Coming home to roost

  • 2009-03-18

Lithuania is still plagued by the same corrupt idiocy it was left with by the legacy of the Soviet Union, and now the effects are making themselves clear.
Without flogging the dead horse by pointing out the numerous inadequacies of the Vilnius European Capital of Culture for 2009 's which has again been criticized by its Austrian counterpart, Linz 's we can now see that the city is suffering from another lurking evil.

Algirdas Brazauskas, who was president of the country from 1993 to 1998 and prime minister from 2001 to 2006, initiated the Royal Palace project in the face of mass skepticism in the population. Everyone wanted to know why their tax money was going toward building an ultimately functionless building that would become the most expensive undertaking in the history of the country.

The current Prime Minister, Andrius Kubilius, was and still is one of those shaking their heads at the building. He now has the dire task of figuring out this mess.
Now it turns out that in the middle of the country's direst times to date, when thousands are losing their jobs and even more are taking pay cuts, the state needs more money to finish the Royal Palace, which is now only a gutless facade.

The Royal Palace was supposed to be finished in time for the Millennium Celebration, which marks the 1,000-year anniversary of the first mention of Lithuania in writing. The date of the grand opening of the palace also coincides with one of the country's biggest days 's the coronation of its first king, Mindaugas.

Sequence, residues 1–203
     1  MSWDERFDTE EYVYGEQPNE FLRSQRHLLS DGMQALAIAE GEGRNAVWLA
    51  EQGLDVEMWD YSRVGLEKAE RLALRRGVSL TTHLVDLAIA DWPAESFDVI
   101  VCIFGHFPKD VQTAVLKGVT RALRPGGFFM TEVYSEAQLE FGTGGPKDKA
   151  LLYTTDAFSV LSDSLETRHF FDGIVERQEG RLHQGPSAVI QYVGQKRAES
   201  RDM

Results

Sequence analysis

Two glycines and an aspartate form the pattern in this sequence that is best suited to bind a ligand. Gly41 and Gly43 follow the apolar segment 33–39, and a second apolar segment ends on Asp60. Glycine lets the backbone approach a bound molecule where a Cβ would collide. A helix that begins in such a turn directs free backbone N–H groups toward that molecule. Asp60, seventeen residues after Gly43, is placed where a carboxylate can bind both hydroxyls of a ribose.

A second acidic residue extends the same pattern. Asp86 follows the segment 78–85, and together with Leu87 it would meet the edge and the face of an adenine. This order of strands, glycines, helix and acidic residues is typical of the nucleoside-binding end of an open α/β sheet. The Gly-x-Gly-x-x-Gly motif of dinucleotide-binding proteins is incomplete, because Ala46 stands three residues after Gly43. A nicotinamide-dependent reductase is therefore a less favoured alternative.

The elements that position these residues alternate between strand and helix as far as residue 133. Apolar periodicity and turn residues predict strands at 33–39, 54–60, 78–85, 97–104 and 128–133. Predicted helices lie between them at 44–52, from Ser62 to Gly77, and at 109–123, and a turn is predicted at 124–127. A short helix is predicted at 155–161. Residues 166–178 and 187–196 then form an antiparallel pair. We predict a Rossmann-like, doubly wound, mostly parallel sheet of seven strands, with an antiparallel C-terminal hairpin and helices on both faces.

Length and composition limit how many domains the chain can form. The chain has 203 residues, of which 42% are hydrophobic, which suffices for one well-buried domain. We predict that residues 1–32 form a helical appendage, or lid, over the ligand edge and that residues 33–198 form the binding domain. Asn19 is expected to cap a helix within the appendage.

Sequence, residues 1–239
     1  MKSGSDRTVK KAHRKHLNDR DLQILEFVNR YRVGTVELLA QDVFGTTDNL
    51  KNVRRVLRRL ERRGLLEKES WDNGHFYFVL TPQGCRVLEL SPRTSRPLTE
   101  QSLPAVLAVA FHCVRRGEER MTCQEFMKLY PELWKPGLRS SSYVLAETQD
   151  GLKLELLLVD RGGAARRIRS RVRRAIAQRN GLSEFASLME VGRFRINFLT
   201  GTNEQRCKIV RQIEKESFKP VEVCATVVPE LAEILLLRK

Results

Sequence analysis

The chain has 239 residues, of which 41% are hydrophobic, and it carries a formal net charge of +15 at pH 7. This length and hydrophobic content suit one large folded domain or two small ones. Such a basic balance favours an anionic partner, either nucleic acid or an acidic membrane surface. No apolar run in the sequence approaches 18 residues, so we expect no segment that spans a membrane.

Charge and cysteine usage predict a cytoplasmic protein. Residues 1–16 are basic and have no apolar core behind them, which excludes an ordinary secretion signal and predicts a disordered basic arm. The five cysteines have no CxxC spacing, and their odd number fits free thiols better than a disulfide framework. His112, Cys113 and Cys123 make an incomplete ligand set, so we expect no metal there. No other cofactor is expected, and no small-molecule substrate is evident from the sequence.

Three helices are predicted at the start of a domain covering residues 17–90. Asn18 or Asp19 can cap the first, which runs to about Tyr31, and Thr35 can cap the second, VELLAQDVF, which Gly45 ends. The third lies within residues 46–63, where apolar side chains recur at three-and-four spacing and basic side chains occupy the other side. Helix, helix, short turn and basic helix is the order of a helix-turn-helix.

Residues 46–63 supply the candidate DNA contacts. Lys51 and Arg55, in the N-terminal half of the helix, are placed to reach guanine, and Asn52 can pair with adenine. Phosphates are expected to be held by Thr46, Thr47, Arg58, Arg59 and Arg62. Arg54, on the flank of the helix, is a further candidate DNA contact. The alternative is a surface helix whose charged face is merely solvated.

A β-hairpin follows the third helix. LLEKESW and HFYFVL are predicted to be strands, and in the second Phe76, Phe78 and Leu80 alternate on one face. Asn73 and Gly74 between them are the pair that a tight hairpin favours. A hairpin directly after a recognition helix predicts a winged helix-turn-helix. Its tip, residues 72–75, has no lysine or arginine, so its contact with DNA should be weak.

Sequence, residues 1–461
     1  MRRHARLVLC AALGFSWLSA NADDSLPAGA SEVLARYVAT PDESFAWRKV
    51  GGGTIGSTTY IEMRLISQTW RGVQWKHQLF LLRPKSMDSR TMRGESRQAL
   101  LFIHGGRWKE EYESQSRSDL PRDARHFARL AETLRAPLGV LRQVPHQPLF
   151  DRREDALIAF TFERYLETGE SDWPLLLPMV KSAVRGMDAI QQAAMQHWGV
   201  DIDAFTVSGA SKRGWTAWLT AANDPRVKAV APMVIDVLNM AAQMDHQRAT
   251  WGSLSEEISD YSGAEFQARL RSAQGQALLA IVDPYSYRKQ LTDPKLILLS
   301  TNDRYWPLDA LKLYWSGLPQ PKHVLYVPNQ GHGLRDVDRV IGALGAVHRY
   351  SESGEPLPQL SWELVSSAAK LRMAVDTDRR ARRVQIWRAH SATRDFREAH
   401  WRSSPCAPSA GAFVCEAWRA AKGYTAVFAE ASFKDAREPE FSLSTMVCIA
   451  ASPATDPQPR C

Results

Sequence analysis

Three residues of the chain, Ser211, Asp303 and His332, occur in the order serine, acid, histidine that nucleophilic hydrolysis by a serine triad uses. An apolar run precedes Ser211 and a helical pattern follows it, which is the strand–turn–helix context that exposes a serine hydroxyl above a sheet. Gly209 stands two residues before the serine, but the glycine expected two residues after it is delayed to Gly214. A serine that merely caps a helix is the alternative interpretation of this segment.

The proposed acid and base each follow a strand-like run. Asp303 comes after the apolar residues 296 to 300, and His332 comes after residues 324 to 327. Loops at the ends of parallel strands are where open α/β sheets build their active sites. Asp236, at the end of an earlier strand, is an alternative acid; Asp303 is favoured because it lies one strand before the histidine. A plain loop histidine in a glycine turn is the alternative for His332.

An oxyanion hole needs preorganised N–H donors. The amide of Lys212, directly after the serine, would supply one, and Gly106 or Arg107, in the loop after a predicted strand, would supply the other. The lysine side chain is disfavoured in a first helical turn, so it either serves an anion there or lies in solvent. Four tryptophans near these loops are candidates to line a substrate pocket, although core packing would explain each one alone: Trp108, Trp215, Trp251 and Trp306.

It all sounds well and good to have a nice party, but the fact is that as private sector employees stare down the prospect of getting fired and workers face pay cuts in the near future, the big wigs of the country 's people like Brazauskas, who selfishly and hedonistically made these expensive decisions on behalf of the country 's are just having a big party.

Kings and presidents of other countries have been invited to the party, due to take place on July 6 in Vilnius. Every citizen of Lithuania is paying for this party while at the same time losing jobs, houses, possessions and hope for the future 's a feast amid the famine.
The vultures are circling over the head of this country, eyeing its emaciated flesh. Now it is becoming clear, through the skin-clad rib cage of the economy, that all that is left underneath is a life sucking tumor that is eating away at the last resources of the country.

One can only hope that the politicians of the day are not cooking up elaborate schemes 's ones that cost the country millions of litas 's that will fall in a heap of rubble in a decade.